By doctors' offices seeking to get clarifications of denials, demands for paperwork, authorizations for procedures or visits, and do forth.

    By doctors' and hospital clerks in trying to keep up with shifting requirements

    By patients and doctors in coping with the way a business might change provider organizations covered, as competing types of health insurance "bid" for business.

Objections: It will cost more in taxes.

    Before responding, we must consider the following: The health premiums payed by companies are tax-deductible. This means that wealthy corporations save more money, money that would otherwise enrich the government in taxes and offset part of the raise in taxes. Tax cuts are subsidies by the taxpayer.
    Other tax breaks similarly must be thought of as total expenditures in the health care budget.

   So, yes, there will be more taxes, but they will also be distributed more fairly, with the wealthier paying more than the poor. At present, the middle classes and poor pay more, percentage-wise, than the rich.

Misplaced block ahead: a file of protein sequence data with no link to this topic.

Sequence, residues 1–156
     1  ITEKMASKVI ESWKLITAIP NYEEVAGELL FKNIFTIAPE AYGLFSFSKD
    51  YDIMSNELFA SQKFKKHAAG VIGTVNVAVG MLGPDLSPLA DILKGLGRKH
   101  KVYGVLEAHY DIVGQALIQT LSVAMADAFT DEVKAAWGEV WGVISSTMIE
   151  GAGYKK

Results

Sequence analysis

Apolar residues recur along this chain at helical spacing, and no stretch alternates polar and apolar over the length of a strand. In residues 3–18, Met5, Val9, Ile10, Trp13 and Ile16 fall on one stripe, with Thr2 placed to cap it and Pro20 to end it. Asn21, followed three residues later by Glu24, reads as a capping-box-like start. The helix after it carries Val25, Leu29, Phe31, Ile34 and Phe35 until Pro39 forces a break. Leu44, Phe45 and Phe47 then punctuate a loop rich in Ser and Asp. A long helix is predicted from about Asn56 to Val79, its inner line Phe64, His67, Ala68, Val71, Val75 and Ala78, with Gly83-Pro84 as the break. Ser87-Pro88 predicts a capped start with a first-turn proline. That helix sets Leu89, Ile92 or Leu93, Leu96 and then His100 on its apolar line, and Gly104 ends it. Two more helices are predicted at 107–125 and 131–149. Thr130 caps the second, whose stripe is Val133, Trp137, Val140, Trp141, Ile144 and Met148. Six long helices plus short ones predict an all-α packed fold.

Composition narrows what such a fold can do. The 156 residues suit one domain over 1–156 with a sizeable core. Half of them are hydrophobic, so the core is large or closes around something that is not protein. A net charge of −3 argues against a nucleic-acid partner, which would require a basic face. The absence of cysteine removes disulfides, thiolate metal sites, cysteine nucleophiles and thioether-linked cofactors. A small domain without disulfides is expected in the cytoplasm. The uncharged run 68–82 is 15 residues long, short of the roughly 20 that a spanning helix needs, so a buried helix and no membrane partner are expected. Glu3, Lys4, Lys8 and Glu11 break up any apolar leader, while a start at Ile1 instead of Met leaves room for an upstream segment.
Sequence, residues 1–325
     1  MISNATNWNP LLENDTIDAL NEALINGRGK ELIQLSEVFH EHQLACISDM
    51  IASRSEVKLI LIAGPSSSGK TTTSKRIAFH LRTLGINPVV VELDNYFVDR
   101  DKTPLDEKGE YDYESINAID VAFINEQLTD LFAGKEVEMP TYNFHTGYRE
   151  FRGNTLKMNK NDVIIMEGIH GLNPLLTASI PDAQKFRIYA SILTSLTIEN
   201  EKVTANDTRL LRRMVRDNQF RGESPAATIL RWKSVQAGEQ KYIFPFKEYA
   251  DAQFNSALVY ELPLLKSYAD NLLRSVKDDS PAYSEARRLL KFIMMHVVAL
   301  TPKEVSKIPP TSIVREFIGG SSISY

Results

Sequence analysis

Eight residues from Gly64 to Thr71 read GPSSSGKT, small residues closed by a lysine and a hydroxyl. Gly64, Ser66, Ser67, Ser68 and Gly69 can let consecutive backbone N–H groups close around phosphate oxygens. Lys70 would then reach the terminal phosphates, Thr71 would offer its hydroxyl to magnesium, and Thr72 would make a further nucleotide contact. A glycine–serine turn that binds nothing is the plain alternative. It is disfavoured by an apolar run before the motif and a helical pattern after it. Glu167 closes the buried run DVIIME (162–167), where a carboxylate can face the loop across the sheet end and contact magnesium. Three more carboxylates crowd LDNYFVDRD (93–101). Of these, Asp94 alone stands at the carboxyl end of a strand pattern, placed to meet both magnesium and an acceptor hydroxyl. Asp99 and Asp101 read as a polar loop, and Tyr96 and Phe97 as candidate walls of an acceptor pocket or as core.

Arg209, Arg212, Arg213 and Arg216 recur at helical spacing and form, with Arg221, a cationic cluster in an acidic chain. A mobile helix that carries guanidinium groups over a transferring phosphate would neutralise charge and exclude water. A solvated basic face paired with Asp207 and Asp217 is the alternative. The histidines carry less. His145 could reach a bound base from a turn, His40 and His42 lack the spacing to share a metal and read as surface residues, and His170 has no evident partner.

Those costs will also be offset by savings in having a single payor, eliminating many different and multi-layered middlepersons.

American Medical News  Feb. 21, 2000: "HMOs hiking rates, but not physician reimbursement"

10.4% - The increase in businesses' health care expenditures from 1999 to 2000.
3.1% - The increase in reimbursements to doctors, hospitals and other providers in that time.
83.6% - managed care companies spend on patient care (third quarter, 1999)
    Comment:  A net increase of 7.3% of all health care expenditures is being directed to a middleman industry that is currently consuming 16.4% of health care dollars.  This amounts to a 44% increase in funds diverted to an industry that exists solely for the purpose of controlling health care inflation!

(More to be added)  -  

References on Health Care Financing in America

Abramson, John. (2004). Overdo$ed America: the broken promise of American medicine. New York: HarperCollins.
   (A physician critiques the Industrial-Political Health Care complex.)

Anders, George. (1996). Health against wealth: HMOs and the breakdown of medical trust. New York: Houghton Mifflin.

Armstrong, Pat, & Armstrong, Hugh. (1998). Universal healthcare: what the United States can learn from the Canadian experience. New York: The New Press / W.W. Norton.